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I have a background in Computer and Electrical Engineering. I obtained my undergraduate degree from the Polytechnic University of Patras, Greece. I received my master's degree in Cloud Computing after graduating from Newcastle University. Following that, I joined the CDT program in 2017 and currently I am in the first year of my PhD in Quantum Machine Learning.
Quantum Machine Learning
Quantum Machine Learning is an emerging interdisciplinary scientific area. It lies in the intersection of Quantum Physics and Machine Learning. The computers that we currently use are built using transistors and the data is stored in the form of binary states 0 and 1. Quantum computers are built using quantum bits (qubits). Qubits can be in multiple states at the same time.
The main advantage of quantum computers is that they could perform complex operations at high speeds. We could then solve certain problems which are currently not feasible.
The aim behind my research is to study the theoretical and applied basis that the effects of quantum techniques can have when applied to classical machine learning.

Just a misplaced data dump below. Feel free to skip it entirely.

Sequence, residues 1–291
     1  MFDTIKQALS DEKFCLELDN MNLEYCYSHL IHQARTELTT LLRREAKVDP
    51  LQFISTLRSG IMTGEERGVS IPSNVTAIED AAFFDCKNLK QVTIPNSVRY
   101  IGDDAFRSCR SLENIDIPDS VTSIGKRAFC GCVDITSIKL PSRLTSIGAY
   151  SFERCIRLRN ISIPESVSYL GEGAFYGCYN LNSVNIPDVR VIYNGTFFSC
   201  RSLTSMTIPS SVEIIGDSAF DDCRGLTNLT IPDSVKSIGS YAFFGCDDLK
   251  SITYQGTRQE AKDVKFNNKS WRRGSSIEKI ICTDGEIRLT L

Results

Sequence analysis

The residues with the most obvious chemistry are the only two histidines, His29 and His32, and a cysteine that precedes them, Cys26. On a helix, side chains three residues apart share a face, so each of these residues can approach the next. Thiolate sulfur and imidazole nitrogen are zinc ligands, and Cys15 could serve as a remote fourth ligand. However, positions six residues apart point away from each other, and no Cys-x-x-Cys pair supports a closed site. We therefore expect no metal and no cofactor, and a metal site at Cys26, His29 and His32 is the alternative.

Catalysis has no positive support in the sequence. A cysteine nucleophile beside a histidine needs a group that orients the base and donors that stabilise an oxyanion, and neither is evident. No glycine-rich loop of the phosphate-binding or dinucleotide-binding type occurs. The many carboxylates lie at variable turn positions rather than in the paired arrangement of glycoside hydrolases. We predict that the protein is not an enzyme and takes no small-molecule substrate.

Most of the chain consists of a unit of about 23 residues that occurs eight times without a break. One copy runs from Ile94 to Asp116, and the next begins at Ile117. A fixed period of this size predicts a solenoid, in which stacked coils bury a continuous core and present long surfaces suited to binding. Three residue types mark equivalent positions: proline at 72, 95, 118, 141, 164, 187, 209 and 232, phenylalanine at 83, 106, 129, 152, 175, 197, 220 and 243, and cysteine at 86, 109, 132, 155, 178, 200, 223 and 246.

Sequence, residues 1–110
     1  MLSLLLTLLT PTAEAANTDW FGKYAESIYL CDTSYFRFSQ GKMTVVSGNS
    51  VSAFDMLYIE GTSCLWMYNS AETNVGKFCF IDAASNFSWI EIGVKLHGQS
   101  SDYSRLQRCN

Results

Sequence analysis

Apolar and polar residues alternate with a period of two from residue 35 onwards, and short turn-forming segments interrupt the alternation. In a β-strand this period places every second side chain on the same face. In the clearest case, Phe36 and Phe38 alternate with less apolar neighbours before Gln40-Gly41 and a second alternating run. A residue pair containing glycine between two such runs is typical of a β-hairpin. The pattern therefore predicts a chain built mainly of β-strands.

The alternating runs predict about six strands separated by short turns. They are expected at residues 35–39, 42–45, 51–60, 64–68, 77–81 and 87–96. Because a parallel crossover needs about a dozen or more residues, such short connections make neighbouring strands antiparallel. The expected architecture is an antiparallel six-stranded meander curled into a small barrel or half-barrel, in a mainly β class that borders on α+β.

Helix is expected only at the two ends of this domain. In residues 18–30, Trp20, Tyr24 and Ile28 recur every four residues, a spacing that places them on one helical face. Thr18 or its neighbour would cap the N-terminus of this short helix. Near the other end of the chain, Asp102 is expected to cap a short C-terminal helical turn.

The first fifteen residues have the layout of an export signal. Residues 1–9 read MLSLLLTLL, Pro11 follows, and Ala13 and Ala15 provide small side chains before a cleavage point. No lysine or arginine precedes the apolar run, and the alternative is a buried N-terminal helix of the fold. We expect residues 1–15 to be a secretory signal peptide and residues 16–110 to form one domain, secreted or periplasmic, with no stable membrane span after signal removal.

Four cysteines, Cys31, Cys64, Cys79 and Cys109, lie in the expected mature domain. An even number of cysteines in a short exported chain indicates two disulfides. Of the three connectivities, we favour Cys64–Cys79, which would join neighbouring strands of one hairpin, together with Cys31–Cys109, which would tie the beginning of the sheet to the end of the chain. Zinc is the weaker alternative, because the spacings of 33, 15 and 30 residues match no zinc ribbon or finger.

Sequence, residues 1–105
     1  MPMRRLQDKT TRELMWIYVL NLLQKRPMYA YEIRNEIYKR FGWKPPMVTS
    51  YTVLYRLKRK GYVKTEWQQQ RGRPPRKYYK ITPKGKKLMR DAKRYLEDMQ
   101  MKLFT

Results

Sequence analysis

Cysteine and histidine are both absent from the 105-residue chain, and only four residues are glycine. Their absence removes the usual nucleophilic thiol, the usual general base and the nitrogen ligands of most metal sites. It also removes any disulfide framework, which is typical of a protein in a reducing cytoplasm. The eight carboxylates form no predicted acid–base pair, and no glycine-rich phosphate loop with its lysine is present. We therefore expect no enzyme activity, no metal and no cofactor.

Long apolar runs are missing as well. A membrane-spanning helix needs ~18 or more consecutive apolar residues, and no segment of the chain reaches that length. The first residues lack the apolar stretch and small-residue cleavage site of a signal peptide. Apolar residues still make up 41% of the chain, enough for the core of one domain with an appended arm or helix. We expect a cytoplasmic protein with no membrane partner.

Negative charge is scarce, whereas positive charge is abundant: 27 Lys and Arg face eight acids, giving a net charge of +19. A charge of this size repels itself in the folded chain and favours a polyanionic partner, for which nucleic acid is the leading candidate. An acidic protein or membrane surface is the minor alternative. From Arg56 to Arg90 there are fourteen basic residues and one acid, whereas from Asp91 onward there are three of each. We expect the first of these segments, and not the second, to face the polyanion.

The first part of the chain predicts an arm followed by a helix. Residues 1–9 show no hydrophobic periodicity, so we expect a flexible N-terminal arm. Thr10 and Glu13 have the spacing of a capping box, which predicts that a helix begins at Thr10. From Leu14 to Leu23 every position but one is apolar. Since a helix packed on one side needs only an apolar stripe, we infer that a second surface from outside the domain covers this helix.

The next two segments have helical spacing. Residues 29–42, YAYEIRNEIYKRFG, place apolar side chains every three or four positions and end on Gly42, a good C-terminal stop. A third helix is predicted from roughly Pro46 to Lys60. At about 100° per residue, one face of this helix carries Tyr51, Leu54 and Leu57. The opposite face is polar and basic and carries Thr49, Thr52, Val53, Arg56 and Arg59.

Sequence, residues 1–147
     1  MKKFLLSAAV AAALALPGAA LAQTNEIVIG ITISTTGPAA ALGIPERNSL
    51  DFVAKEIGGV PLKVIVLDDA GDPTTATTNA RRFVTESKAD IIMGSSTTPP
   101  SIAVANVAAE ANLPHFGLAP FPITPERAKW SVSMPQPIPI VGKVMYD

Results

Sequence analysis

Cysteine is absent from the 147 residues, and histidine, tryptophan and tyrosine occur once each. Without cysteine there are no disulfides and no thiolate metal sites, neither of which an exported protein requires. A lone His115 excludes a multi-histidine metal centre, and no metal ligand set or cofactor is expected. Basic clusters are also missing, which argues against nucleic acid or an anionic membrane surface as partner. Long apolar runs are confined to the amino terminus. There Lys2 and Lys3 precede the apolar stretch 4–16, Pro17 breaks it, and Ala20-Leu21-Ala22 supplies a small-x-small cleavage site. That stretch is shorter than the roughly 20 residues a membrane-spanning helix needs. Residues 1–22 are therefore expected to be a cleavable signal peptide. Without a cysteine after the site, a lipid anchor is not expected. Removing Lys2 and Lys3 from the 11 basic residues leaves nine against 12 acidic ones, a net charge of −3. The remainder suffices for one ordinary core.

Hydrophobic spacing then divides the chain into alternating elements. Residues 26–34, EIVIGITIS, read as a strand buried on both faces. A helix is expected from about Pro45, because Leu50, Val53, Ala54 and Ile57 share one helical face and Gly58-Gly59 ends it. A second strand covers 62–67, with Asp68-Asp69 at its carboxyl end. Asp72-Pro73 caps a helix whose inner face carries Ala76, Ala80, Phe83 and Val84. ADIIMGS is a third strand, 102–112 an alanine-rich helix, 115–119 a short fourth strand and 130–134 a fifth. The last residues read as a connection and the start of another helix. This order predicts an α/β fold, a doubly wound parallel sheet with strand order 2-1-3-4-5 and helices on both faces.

Quantum Machine Learning can have a great effect on the way we view and understand modern computing. Quantum computing has the potential to make machine learning and AI solutions much faster than classical computing.
The future of AI and machine learning, sped along by quantum computing, looks bright. Real-time human-imitable behaviours is almost a foregone conclusion.
The CDT program is the perfect place for this research to flourish. We have a strong community of researchers, supervisors and industry that can only have a positive impact on my research.